• Facilitates FIFO tracking: If the line material supply personnel do the feeding correctly, the operators who provide direct value on the production line will follow the FIFO without any problem.
  • They are flexible and easily adjustable: Live shelves are easily adjusted and reconfigured, adapting to changes in production requirements or product lines, allowing agile responses to demand and production processes.
  • Increased safety: Having a better and more orderly layout reduces the risk of accidents due to "tripping" with boxes, material in between, etc.
  • Better visual management: With dynamic racks it is very easy to see the needs of components in the line to avoid stoppages due to lack of food.

Some Design Considerations for Dynamic Racking in Lean Manufacturing

When contacting the supplier that will provide the flow racking, you will have to take into account the following so that they can take it into account in their design:

  • Racks should always be designed to promote a continuous flow of materials: The objective of these racks will always be to reduce the waiting time between the receipt of components and their use on the production line. By introducing the components on the opposite side of the production line, this is facilitated.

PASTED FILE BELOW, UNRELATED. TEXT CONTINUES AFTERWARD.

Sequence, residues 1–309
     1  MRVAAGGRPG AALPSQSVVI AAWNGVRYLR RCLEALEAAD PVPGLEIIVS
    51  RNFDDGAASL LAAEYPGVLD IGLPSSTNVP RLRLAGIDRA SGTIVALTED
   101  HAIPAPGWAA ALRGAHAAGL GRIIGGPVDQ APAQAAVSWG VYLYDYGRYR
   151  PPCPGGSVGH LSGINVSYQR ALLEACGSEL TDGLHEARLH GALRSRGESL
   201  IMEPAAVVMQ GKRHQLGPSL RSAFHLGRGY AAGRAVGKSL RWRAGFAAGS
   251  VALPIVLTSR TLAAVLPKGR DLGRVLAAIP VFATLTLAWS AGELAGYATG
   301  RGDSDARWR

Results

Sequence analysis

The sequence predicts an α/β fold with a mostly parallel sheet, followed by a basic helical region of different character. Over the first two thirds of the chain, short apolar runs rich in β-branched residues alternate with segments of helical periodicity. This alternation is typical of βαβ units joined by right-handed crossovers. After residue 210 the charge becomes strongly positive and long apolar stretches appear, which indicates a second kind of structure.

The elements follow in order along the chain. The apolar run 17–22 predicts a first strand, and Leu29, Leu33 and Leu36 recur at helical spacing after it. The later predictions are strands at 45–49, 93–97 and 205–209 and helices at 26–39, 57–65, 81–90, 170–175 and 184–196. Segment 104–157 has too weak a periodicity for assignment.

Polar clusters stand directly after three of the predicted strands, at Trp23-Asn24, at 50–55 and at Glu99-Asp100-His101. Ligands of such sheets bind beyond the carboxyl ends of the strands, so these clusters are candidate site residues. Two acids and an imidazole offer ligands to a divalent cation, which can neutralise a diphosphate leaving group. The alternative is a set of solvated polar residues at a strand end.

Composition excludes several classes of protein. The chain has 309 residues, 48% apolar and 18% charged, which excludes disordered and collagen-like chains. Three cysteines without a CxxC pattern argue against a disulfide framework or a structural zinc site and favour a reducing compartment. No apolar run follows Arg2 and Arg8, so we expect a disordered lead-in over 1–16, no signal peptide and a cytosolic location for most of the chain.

• Ergonomic studies should be carried out to facilitate accessibility to the components to be assembled on the line: The most frequently used elements should be at an accessible height and the openings should be designed to minimize the need to bend, stretch or lift heavy objects.
  • Adjustability and flexibility: When choosing the flow rack, its adjustability in case of production needs or layout changes should be taken into account. This includes the possibility of adjusting the height of the shelves, changing the arrangement of materials, adding or removing sections...
  • Adequate Visual Management: this is important so that workers can clearly identify the components to be used. Live shelving should have a labeling facility to facilitate this visual identification.
  • Maintenance and cleaning: The design of the shelving must facilitate easy and regular maintenance and cleaning to prolong the life of the shelving. The materials chosen for the shelving structure should be durable, as well as easily replaceable in case of wear and tear.
  • Evaluate the load capacity: Make sure the shelving system you choose can handle the load capacity of your products safely and efficiently. This is crucial to maintaining structural integrity and safety in the workplace.